The YPG has been the main protection force in Rojava. AFP file photo.
ERBIL, Kurdistan Region – A member of the Syrian parliament said on a recent visit to Erbil that Syria’s Kurdish YPG forces, which currently control their own self-declared and semi-autonomous enclave, have no future in the country.
Sharif Shahada, who has close relations with Syrian President Bashar Assad’s regime, told Rudaw that Kurdish efforts to break away from Syria will not succeed, because Damascus is unlikely to allow a possible Kurdish state on its soil.
“Neither the YPG or the PKK have any place in (the future) Syria,” said Shahada. ”If Kurds really plan to create a state inside Syria, let me be clear: it won’t happen,” he added.
The YPG is the Syrian affiliate of Turkey’s Kurdistan Workers’ Party (PKK). However, the United States and some Western nations back the YPG forces in their war against ISIS, even though the PKK is listed as a terrorist organization by the European Union and the United States.
The YPG has been virtually in full control of much of Syria’s northeastern Kurdish areas since it’s PYD umbrella group declared the three autonomous cantons in Cizire, Afrin and Kobane in early 2013.
The YPG has been a formidable force in pushing back ISIS militants, which air support and some weapons supplies from the US.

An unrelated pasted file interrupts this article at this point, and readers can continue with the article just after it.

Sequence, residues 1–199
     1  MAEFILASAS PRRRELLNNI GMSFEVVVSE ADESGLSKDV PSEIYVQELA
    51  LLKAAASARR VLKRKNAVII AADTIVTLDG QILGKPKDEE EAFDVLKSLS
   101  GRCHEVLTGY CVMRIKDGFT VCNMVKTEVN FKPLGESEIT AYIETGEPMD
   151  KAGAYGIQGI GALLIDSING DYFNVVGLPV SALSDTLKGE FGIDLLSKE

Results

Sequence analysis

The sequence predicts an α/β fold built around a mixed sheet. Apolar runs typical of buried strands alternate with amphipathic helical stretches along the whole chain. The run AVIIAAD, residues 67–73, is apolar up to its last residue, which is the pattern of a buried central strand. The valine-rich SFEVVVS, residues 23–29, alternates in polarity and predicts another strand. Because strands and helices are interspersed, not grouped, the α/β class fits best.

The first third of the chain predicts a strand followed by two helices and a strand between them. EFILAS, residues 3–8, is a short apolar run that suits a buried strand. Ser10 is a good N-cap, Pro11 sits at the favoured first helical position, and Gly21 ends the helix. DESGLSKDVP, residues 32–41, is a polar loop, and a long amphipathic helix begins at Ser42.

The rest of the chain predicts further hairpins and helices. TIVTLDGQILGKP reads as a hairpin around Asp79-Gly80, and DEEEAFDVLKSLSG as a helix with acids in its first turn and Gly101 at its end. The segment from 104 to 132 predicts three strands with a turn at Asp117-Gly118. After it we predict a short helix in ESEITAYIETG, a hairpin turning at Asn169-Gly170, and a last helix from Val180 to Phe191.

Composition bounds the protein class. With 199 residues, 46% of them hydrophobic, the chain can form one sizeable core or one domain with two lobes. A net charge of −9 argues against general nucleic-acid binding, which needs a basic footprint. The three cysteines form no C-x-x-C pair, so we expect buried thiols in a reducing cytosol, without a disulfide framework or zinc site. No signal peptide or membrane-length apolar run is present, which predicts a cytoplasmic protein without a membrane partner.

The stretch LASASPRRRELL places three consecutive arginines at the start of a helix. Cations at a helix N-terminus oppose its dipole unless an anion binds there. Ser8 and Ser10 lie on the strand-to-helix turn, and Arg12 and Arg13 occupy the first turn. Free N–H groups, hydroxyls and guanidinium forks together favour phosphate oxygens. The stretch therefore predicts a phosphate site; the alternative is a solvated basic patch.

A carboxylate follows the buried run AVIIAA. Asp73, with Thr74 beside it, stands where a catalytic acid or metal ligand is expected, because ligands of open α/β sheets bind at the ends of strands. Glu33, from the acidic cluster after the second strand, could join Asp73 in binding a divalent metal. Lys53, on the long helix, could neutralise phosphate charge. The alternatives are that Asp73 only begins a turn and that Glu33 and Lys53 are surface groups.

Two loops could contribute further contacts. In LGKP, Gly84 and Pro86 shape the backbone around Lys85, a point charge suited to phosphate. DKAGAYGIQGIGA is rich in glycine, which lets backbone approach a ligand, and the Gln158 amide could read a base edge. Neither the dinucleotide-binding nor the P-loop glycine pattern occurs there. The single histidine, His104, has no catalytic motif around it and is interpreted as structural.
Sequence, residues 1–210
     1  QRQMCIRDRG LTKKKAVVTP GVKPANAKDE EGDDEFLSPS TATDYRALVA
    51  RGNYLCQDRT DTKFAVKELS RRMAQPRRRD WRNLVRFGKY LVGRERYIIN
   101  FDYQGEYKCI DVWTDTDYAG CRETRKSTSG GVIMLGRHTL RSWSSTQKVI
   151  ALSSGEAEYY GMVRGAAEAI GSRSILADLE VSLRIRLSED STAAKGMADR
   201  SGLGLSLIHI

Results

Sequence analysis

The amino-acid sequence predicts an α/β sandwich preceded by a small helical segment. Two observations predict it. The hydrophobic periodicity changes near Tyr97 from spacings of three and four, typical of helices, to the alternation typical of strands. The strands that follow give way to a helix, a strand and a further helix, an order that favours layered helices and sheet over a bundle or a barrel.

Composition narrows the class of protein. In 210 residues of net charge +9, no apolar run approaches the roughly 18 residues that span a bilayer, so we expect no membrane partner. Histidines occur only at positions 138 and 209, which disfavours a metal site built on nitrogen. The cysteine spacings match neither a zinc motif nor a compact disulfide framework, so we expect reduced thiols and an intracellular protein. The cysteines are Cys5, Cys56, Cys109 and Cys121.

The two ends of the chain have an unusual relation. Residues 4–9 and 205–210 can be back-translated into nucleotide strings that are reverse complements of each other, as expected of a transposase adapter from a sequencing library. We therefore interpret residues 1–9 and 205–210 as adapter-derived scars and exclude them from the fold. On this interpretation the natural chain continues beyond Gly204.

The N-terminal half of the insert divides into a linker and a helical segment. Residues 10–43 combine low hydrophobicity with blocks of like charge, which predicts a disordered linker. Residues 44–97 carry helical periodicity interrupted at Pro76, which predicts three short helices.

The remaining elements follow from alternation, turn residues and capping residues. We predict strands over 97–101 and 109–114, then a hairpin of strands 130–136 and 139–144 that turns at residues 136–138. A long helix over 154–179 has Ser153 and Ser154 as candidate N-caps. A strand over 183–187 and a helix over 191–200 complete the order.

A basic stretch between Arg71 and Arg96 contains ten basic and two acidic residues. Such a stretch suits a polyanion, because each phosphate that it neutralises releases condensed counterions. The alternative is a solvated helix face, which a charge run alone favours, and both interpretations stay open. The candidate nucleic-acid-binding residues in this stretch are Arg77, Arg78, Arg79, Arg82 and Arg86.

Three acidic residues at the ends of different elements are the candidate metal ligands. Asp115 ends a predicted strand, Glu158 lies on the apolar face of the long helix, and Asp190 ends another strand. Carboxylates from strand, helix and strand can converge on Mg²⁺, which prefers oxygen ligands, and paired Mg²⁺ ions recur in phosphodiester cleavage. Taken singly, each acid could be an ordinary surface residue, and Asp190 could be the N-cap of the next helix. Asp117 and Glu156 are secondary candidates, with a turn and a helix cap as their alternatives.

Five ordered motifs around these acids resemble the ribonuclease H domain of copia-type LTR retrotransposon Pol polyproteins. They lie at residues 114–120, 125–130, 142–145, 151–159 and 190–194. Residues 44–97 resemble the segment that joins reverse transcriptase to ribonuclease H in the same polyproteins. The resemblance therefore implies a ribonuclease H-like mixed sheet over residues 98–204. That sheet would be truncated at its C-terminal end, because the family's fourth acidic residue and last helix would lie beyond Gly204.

So far, the PYD has not expressed any plans to secede from Damascus.
“The YPG coordinates with the Syrian government in the war against ISIS with Damascus supporting them, especially in arming them, but when the situation goes back to normal, things will be under government’s control again,” Shahada said.
”No (armed) force will be allowed outside of the Syrian army; that applies to PYD and YPG too,” he added.
Speaking about the future of the embattled Syrian president, the lawmaker said that “Assad is there to stay,” contrary to the expectations of many sides in the conflict.
Referring to Kurdistan Region President Masoud Barzani’s rejection of an official invitation to visit Damascus and meet with the Syrian president earlier in 2011, Shahada described the decision as “wrong.”
“Barzani was wrong in rejecting President Assad’s invitation,” he said. ”Where were Barzani and (former Iraqi president Jalal) Talabani (in the past)? Were they not in Syria? Barzani should have made that trip. He thought Assad would go, but Assad has stayed.”
Shahada said that 30 percent of Syria’s territories are under the control of the Islamic State (ISIS). He claimed the group had recruited fighters from nearly 100 countries.
“The difference between ISIS in Syria and Iraq is the fact that Syrian people oppose ISIS, while in Iraq people have embraced the group,” he said.